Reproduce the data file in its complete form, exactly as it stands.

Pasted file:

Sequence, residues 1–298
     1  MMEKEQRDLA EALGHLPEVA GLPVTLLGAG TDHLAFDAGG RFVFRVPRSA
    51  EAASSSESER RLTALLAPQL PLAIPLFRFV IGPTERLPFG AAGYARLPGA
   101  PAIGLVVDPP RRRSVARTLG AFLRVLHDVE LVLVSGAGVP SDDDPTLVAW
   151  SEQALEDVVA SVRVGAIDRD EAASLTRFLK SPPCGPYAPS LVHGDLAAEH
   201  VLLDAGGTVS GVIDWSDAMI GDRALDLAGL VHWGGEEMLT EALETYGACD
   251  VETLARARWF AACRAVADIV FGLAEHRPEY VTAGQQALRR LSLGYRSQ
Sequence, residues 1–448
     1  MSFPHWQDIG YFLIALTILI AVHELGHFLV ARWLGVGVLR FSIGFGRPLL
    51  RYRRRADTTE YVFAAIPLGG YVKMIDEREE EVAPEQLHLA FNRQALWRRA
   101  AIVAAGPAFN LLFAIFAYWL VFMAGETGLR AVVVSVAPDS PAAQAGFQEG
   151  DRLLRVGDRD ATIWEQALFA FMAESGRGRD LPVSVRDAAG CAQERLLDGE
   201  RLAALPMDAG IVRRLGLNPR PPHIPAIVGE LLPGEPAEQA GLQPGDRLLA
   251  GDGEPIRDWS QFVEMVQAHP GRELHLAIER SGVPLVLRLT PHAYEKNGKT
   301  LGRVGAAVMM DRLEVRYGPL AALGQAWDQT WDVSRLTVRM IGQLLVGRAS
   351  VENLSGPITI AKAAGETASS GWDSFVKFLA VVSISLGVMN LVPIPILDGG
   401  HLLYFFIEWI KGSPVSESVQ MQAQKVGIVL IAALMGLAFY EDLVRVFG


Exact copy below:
Sequence, residues 1–298
     1  MMEKEQRDLA EALGHLPEVA GLPVTLLGAG TDHLAFDAGG RFVFRVPRSA
    51  EAASSSESER RLTALLAPQL PLAIPLFRFV IGPTERLPFG AAGYARLPGA
   101  PAIGLVVDPP RRRSVARTLG AFLRVLHDVE LVLVSGAGVP SDDDPTLVAW
   151  SEQALEDVVA SVRVGAIDRD EAASLTRFLK SPPCGPYAPS LVHGDLAAEH
   201  VLLDAGGTVS GVIDWSDAMI GDRALDLAGL VHWGGEEMLT EALETYGACD
   251  VETLARARWF AACRAVADIV FGLAEHRPEY VTAGQQALRR LSLGYRSQ
Sequence, residues 1–448
     1  MSFPHWQDIG YFLIALTILI AVHELGHFLV ARWLGVGVLR FSIGFGRPLL
    51  RYRRRADTTE YVFAAIPLGG YVKMIDEREE EVAPEQLHLA FNRQALWRRA
   101  AIVAAGPAFN LLFAIFAYWL VFMAGETGLR AVVVSVAPDS PAAQAGFQEG
   151  DRLLRVGDRD ATIWEQALFA FMAESGRGRD LPVSVRDAAG CAQERLLDGE
   201  RLAALPMDAG IVRRLGLNPR PPHIPAIVGE LLPGEPAEQA GLQPGDRLLA
   251  GDGEPIRDWS QFVEMVQAHP GRELHLAIER SGVPLVLRLT PHAYEKNGKT
   301  LGRVGAAVMM DRLEVRYGPL AALGQAWDQT WDVSRLTVRM IGQLLVGRAS
   351  VENLSGPITI AKAAGETASS GWDSFVKFLA VVSISLGVMN LVPIPILDGG
   401  HLLYFFIEWI KGSPVSESVQ MQAQKVGIVL IAALMGLAFY EDLVRVFG